The Poem I Turn To: Actors and Directors Present Poetry That Inspires Them (Sourcebooks, $24.95), edited by Jason Shinder. An introduction by Billy Collins precedes a an inventory of various actors and directors' favorite poems, with short explanations for their choices. The bonus is an audio CD with those famed contributors reading poetry by the likes of e.e. cummings, Mary Oliver and Shakespeare.


Counter-Revolution of the Word: The Conservative Attack on Modern Poetry, 1945-1960 (North Carolina, $40), by Alan Filreis. How and why a coalition of politicians, poets and editors aimed to quash the modernist avant-garde movement by assailing experimental poetry with anticommunist bombast, and the aftermath.

The Making of a Sonnet (Norton, $35), by Edward Hirsch and Eavan Boland. Two of the poetry universe's brightest stars examine how a humble art form - a mere 14 lines in a fixed verse and rhyme scheme - could have endured for so long, and how it has inspired poets the world over. That's 500-plus years captured in 300 poems, a compilation that also includes chapters on the sonnet's creation, reinvention, a selection of questions for a sonnet workshop, and personal takes on the form from both Hirsch and Boland.

The Modern Element: Essays on Contemporary Poetry (Norton, $25.95), by Adam Kirsch. It takes one to know one. Well, thankfully, Kirsch is a poet, as well as the book critic for the New York Sun, so his analyses have some experience to back them up. But Kirsch is well-known for bold, outspoken criticism, so expect a bit of controversy as he canvasses the work of some of America's most beloved poets and proffers some unique perspectives on the state of poetry today.

Words In Your Face: A Guided Tour Through Twenty Years of the New York City Poetry Slam (Soft Skull, $17.95), by Cristin O'Keefe Aptowicz. The author, a poet herself, offers this first definitive look at the origins of the now ubiquitous poetry slam, from the Nuyorican Poets Café in NYC to more mainstream outlets and a national audience.

Why Poetry Matters (Yale Univ., $24), by Jay Parini. "Poetry doesn't matter to most people," Parini concedes at the outset, but then goes on to ruminate on his own relationship to poetry, and why the medium is essential to both life and our understanding of it.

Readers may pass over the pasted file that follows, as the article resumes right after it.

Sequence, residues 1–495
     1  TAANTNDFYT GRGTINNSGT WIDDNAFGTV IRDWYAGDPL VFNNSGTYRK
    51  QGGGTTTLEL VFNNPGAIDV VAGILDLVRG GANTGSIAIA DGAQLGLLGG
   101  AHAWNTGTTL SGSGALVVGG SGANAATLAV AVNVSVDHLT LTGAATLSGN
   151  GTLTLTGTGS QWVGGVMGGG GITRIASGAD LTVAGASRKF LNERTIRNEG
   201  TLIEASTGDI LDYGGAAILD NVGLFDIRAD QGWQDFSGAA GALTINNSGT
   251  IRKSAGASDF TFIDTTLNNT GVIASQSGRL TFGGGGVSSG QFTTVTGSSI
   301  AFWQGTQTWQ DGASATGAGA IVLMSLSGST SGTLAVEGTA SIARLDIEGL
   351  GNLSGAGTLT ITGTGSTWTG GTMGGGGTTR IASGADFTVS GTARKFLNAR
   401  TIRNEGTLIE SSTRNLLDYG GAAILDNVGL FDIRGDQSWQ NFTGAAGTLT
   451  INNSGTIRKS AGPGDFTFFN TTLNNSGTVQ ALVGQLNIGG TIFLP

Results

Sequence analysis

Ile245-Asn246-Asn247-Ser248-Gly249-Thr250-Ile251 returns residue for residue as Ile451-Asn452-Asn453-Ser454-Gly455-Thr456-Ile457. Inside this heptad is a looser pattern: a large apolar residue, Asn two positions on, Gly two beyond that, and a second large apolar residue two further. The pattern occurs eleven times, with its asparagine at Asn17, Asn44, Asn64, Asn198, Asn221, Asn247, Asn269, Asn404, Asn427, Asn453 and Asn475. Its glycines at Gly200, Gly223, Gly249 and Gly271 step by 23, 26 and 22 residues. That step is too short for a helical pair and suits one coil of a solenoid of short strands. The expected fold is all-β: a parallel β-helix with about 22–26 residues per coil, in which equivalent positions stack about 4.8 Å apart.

A Coney Island of the Mind: 50th Anniversary Edition (New Directions, $23.95), by Lawrence Ferlinghetti. The storied poet and co-founder of City Lights Books (and later publishing firm) gets his due all over again with a jazzy clothbound reissue of his seminal 1958 collection. Included is a CD containing new recordings of Ferlinghetti reading two sections from the book, and also a reading of another section originally recorded in 1957 with the Cellar Jazz Quintet.

Frank O'Hara: Selected Poems (Borzoi Poetry/Knopf, $30), edited by Mark Ford. The Massachusetts native became a driving force among the New York School artistic circle in the 1950s, with poems that oozed charm, resoluteness and confidence. This is a wide-ranging selection of his poems and includes some of his most pivotal works of prose.


Anna Nicole (Menendez, $14.99), by Grace Cavalieri. Yes, this verse collection's muse is just who you think (the saucy picture on the cover will dispel any doubt). Cavalieri, a veteran of the Washington area's poetry tribe, and founder of the "Poet and the Poem" program on public radio, offers this rumination on the late heiress and her oft-publicized life. As her foreword states, though, the poems herein are "unauthorized and fantasy."

The Kimnama (Vrzhu, $12), by Kim Roberts. Though this collection debuted in 2007, it's worth a mention here, by dint of the author, the editor of the online journal Beltway Poetry Quarterly, a valuable resource for local poetry fans, and the fact that it was one of the inaugural books of Vrzhu Press, a local enterprise aiming to give a voice to local talent. Those who have heard Roberts's readings at numerous poetry venues and series across the area will relish a chance to have her words right at hand.

Moon on the Meadow: Collected Poems (Gallaudet, $24.95), by Pia Taavila. The author, a professor at Gallaudet University, draws on her experience as a child of deaf parents to craft these strikingly visual poems. Her acknowledgments and introduction offer an illuminating glimpse into her childhood and artistic evolution.